More members of the Tiny Minority of Extremists in moderate, tolerant, pro-American Kosovo?
Of course, their presence in the Balkans is commonly written off as the product of Wahhabi influence. And while Saudi money has been instrumental in exporting jihad ideology and funding the activity that results, this explanation is all too often also used to avoid acknowledging anything inherent in Islamic texts and traditions outside of Wahhabism that could motivate jihadist terrorism.
As for the use of charities, they are often a handy subterfuge for Western consumption due to the fact that in the Western tradition, charities are, by nature, non-combatant. This is not the case in the Islamic tradition; the lack of a distinction stems from Qur’an 9:60, which includes provisions for those who are “in the cause of Allah” (fi sabil Allah).
And it’s not just cheeky infidels pulling that connection out of a hat. It can be seen worldwide in the frequent convergence of jihadist activity and “social services” by groups including Hamas, Hizballah, Jamaat ud-Dawa, and now this group, as well.
“Kosovo: Police arrest five radical Islamists,” from AdnKronos International, May 22:
Pristina, 22 May (AKI) – Kosovo police have arrested five members of the fundamentalist Wahabi Islamic movement who are suspected of “criminal activities, “police spokesman Hazir Berisa said on Saturday. He did not specify if those arrested were suspected of recruiting terrorists or plotting attacks.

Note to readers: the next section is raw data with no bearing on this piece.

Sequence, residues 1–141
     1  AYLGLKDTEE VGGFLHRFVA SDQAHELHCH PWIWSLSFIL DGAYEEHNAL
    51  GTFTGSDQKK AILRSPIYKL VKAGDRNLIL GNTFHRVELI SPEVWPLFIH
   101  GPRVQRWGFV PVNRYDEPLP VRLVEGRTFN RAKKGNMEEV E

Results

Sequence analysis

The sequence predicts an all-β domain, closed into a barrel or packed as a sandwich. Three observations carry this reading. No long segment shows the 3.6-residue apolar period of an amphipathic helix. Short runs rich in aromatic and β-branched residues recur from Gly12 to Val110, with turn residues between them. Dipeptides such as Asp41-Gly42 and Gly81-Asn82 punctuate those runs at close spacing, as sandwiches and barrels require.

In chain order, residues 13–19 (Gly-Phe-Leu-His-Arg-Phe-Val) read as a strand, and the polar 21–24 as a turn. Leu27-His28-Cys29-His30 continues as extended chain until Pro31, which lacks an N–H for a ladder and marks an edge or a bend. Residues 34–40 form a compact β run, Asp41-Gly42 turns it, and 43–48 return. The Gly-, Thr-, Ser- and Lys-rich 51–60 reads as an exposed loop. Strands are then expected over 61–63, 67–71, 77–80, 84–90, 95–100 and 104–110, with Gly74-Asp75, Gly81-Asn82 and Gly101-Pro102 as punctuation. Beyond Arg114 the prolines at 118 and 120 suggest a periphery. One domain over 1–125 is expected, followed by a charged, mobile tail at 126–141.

Berisa said the five suspects were associated with a humanitarian organisation called Iskrenost (Sincerity).
The arrests took place late on Friday in the southwest city of Prizren in an operation in which 120 police officers were deployed. Berisa said police confiscated a large quantity of weapons during the operation, including automatic rifles, pistols, ammunition and uniforms.
The Wahabi movement originated in Saudi Arabia in the 17th century. Wahabi ideology preaches a ‘pure’ form of Islam. It was brought to the Balkans by Arab ‘mujahadeen’ fighters who fought on the side of local Muslims during Bosnia’s 1992-1995 war.
Many former ‘mujahadeen’ remained in the region after the war indoctrinating local youths and even operating terrorist training camps, according to foreign intelligence sources.
Tensions between Wahabis and mainstream Muslims have been simmering in the Balkans for some years as the Wahabi ideology preaches religious intolerance towards other religious groups, including moderate Muslims.
Wahabis have sought to gain influence in Bosnia-Heregovina and also in Serbia, Montenegro and Kosovo.
Since the Bosnian war, radical Islamists have often operated under the guise of humanitarian organisations from Islamic countries and several such charities have been banned in Bosnia.